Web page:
Warfare, of the Modern Type


Everyone who has a life has heard of Call of Duty, and after last year’s Vanguard was so poorly received, the premier military FPS series is coming back better than ever with a sequel to their 2019 hit Modern Warfare, or more specifically, a remake of the original Modern Warfare series. This title is packed with new mechanics, guns, killstreaks, and characters. If you were a fan of the OG games, then this game is likely up your alley.

Note: I will be referring to the games with a few abbreviations. So as not to confuse you, here is a list:

  • COD: Call Of Duty.
  • MW: Modern Warfare, usually followed by a number to tell which game it is in the series—19 for Modern Warfare (2019) and 22 for Modern Warfare 2 (2022), which is what we are talking about.
  • BO: Black Ops, followed by version number, or CW, which stands for “Cold War.”


I will be honest: this wasn’t my favorite. I spent most of the game on regular due to how absurdly hard this game can be. The campaign is the main reason why I bought this game, after beating MW19’s campaign ten times and wanting more dark and gritty gameplay. But after beating the game twice, I felt it was lacking. It was filled with repetitive stealth/survival missions, which are boring, hard, and waste time. I don’t think the campaign is entirely bad, however, due to the map designs, missions and characters, which are the best part of the campaign: some returning characters like Soap, Ghost, and Shepard make a return, alongside some new characters like Valeria, Phil Graves and Alejandro are all great and creative characters with a lot of depth. I will say, if you’re going into this game for only the campaign, I would wait for a sale.


Multiplayer is the bread and butter of the COD series, with almost every game in it adding something new to the equation, whether it was MW’s genre-defining perk and weapon system, BO3’s specialist system, or whatever future stuff Infinite Warfare did. And let me tell you, this game has added a lot more stuff to the equation. Following MW19’s new armory system allowing you to carefully build a custom gun for your playstyle, MW22 rebuilt the system, adding in more streamlined progression so you don’t have to grind every single gun; new attachment systems; and a new “receiver” system making it so you unlock new guns by using the base version of their platform.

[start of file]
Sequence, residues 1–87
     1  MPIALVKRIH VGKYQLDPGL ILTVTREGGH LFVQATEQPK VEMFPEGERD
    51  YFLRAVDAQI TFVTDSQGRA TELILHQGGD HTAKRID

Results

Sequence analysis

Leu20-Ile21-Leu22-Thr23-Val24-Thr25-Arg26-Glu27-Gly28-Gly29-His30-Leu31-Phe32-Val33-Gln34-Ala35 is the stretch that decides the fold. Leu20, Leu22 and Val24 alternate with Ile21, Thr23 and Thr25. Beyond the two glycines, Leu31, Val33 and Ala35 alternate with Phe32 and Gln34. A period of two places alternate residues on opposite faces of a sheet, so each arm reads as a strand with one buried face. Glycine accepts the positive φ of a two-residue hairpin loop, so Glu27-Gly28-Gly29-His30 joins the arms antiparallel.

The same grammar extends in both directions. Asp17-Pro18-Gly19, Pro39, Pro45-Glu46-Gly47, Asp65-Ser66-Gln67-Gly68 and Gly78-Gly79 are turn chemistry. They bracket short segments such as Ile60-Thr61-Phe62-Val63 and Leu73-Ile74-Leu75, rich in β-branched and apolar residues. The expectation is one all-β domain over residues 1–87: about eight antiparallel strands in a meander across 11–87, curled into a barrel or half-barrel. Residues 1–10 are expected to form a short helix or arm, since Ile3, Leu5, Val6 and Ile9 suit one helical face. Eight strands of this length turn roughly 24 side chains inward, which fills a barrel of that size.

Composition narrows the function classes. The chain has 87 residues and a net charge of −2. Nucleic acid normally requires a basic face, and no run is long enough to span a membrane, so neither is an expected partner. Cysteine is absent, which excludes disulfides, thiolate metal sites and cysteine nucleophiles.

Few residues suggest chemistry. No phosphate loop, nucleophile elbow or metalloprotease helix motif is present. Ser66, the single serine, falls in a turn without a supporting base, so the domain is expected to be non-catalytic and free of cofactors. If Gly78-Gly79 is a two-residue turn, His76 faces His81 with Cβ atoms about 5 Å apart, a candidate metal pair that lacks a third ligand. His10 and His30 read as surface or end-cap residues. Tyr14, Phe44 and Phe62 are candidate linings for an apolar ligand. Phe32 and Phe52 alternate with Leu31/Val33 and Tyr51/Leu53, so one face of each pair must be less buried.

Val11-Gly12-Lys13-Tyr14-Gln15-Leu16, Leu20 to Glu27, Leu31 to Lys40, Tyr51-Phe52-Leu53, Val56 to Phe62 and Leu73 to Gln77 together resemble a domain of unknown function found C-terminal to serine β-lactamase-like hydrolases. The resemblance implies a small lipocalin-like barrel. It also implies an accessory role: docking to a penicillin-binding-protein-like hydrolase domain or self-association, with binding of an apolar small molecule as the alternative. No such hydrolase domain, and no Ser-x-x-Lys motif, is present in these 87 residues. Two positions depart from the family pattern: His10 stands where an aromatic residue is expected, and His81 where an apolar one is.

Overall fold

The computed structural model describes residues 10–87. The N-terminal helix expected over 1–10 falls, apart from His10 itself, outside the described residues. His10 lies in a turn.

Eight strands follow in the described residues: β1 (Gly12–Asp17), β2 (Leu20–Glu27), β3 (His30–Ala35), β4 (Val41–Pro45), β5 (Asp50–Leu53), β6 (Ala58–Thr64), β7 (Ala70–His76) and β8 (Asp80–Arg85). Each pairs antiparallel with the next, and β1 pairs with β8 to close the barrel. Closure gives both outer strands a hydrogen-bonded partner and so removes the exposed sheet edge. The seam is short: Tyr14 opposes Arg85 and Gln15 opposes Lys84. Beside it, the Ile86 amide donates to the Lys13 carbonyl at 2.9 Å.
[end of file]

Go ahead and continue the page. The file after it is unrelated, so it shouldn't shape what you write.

They have also added in new vehicle mechanics, which feel bulky and unwieldy (Membean taught me that!) and could definitely use some work, and making a return from Ghosts and BO4 is a new swimming system, for which . . . hold your applause. I feel that, if they commit to an entirely new underwater physics system, they should at least add in a rebreather and some underwater weapons.

The multiplayer is very similar to MW19’s, so if you enjoyed that game, you will not be disappointed by this one. The gameplay is a bit slower, and the TTK, or Time to Kill, is a lot faster, which makes the game feel more realistic, something like Rainbow Six: Siege. I find that the gameplay is a bit clunky compared to MW19, so be warned.

There is also a co-op mode that will be expanded with the release of updates and DLC. It is pretty fun from the limited time I’ve had to play it, but it is most definitely something to be on the watch for.

In the end, I feel that, for the price (currently $70 or so), the game is definitely worth the purchase and feels promising. It will be around for a while, since the next game in the series comes out in 2024, so you have plenty of time to pick this game up.